- Name: Joshua Pearce
- Number of lab members or colleagues (excluding PI): 24
- Location: Houghton, MI, USA
- Graduation Date: Ph.D., 2004
- H index: 57
- Grants: $9m Pi/co-Pi (funders https://www.appropedia.org/Pearce_research_group_sponsors)
- Success of lab’s members: Several have gone on to be professors or CEOs of their own companies building on the work we did together in open hardware and solar energy.
- Twitter followers: >1800 https://twitter.com/ProfPearce
- Academia.edu followers: >19,000 https://mtu.academia.edu/JoshuaPearce/
Hello! Who are you and what are you working on?
I am currently the Richard Witte Professor of Materials Science and Engineering and a Professor cross-appointed in the Department of Materials Science & Engineering and in the Department of Electrical & Computer Engineering at the Michigan Technological University where I run the Open Sustainability Technology Research Group. I was a Fulbright-Aalto University Distinguished Chair (2017-2018) and am now a visiting professor of Photovoltaics and Nanoengineering at Aalto University as well as a visiting Professor Équipe de Recherche sur les Processus Innovatifs (ERPI), Université de Lorraine, France. I received my Ph.D. in Materials Engineering from the Pennsylvania State University. Then I developed the first Sustainability program in the Pennsylvania State System of Higher Education and helped develop the Applied Sustainability graduate engineering program while at Queen’s University, Canada, before moving to Michigan Tech.
My research concentrates on the use of open source appropriate technology to find collaborative solutions to problems in sustainability and poverty reduction. Thus my research spans areas of electronic device physics and materials engineering of solar photovoltaic cells, and RepRap 3-D printing, but also includes applied sustainability and energy policy. My research is regularly covered by the international and national press and it is continually ranked in the top 0.1% on Academia.edu. I am also the faculty advisor for the Michigan Tech Open Source Hardware Enterprise. I am the editor-in-chief of HardwareX, a journal dedicated to open source scientific hardware and the author of the Open-Source Lab:How to Build Your Own Hardware and Reduce Research Costs.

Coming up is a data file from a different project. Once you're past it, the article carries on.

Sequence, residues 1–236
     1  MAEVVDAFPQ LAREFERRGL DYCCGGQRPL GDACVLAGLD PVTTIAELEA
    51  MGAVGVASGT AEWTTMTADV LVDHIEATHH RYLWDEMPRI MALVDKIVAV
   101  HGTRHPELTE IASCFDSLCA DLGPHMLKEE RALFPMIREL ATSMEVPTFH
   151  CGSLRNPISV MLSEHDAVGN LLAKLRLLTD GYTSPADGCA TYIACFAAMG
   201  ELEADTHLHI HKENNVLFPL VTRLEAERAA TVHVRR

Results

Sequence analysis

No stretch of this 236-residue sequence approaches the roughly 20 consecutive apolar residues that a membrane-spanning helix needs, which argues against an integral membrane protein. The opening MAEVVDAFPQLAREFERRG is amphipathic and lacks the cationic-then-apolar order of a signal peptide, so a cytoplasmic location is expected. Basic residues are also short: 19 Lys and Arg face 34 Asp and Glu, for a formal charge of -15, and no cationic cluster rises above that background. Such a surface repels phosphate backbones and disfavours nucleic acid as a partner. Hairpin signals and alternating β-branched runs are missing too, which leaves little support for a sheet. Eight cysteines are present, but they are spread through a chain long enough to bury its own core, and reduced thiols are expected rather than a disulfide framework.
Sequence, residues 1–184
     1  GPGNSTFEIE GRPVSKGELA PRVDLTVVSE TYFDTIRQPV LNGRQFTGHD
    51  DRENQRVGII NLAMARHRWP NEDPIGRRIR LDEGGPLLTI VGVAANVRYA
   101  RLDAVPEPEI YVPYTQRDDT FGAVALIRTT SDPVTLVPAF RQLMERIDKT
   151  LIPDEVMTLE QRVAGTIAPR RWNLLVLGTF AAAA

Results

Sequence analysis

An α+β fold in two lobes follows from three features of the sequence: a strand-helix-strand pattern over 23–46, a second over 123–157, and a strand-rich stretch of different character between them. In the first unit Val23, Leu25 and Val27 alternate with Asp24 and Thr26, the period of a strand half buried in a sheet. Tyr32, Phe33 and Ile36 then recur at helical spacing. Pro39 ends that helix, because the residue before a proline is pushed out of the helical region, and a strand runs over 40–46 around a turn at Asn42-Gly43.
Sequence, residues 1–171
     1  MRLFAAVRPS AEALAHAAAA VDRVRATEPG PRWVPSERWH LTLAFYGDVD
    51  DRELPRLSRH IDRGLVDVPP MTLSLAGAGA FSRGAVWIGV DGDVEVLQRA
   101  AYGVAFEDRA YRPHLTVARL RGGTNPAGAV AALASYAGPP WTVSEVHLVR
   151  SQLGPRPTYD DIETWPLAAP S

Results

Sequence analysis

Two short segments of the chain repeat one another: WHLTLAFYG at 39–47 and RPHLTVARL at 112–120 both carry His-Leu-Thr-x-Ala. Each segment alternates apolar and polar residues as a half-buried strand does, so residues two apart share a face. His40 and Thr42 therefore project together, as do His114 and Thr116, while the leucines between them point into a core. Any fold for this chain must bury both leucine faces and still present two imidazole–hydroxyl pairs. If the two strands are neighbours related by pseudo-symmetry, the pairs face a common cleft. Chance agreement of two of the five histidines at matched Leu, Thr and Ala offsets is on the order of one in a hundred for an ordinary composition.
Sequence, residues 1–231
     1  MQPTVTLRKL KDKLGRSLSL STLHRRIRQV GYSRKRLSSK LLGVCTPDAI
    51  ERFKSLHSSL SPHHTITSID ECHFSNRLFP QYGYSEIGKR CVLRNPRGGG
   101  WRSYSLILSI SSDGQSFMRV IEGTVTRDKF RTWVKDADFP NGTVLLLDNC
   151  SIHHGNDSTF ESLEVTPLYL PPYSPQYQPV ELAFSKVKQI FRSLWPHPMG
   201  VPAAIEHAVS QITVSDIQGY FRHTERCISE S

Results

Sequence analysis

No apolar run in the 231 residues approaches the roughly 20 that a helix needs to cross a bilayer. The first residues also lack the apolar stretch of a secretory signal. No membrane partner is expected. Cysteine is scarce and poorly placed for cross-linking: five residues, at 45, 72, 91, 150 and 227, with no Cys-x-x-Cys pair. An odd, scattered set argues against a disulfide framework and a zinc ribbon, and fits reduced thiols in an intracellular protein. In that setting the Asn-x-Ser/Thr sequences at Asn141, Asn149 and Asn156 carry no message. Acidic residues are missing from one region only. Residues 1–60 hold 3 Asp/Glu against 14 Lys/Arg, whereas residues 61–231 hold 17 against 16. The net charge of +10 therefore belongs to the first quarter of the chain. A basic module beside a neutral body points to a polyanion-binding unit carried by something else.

My research focuses on open and applied sustainability, which is the application of science and innovation to ensure a better quality of life for all, now and into the future, in a just and equitable manner, whilst living within the limits of supporting ecosystems. Specifically I am interested in exploring the way solar energy can be used to provide clean sustainable electricity through photovoltaic devices and how the sharing of open source hardware and software can create sustainable and equitable means of production (e.g. I create open source appropriate technology and other free and open source hardware).
What’s your backstory and how did you come up with the idea?
When I was first an assistant professor I was working on a project to solar power laptops for the developing world. My students and I had developed this solar photovoltaic system that would be integrated into the back of the laptop screen and we wanted to prototype the case for it. I was finally at a university that had a rapid prototyping system and was super excited to try it out. Sadly, the proprietary tool ended up making a prototype plastic case that cost more than the solar and electronics and almost as much as the laptop. I started looking around for a solution that would actually work and found the self replicating rapid prototyper project (RepRap)- and open source 3-D printer that could print itself. I immediately jumped in with both feet and developed the Open-Source Lab:How to Build Your Own Hardware and Reduce Research Costs. Today my lab runs close to 100% on self-built open hardware, which has been getting progressively more sophisticated with time from help from all over the world.
Please describe the process of learning, iterating, and creating the project
Everything my lab does is free and open source. This allows us to avoid all the time other researchers spend wasting on talking to administrators, lawyers, getting patents etc. Instead we just focus on science and engineering. This allows us to move much faster than many colleagues that get bogged down in the morass of legal paperwork, patents and obtuse contracts.This open source way of inventing and working attracts others interested in our projects from academia, industry and the maker community. The more we share and the better it is the more help we get externally. For example, Elsevier contacted me about writing the Open-Source Lab:How to Build Your Own Hardware and Reduce Research Costs because of research and designs I had published freely. More recently, McGraw-Hill approached me a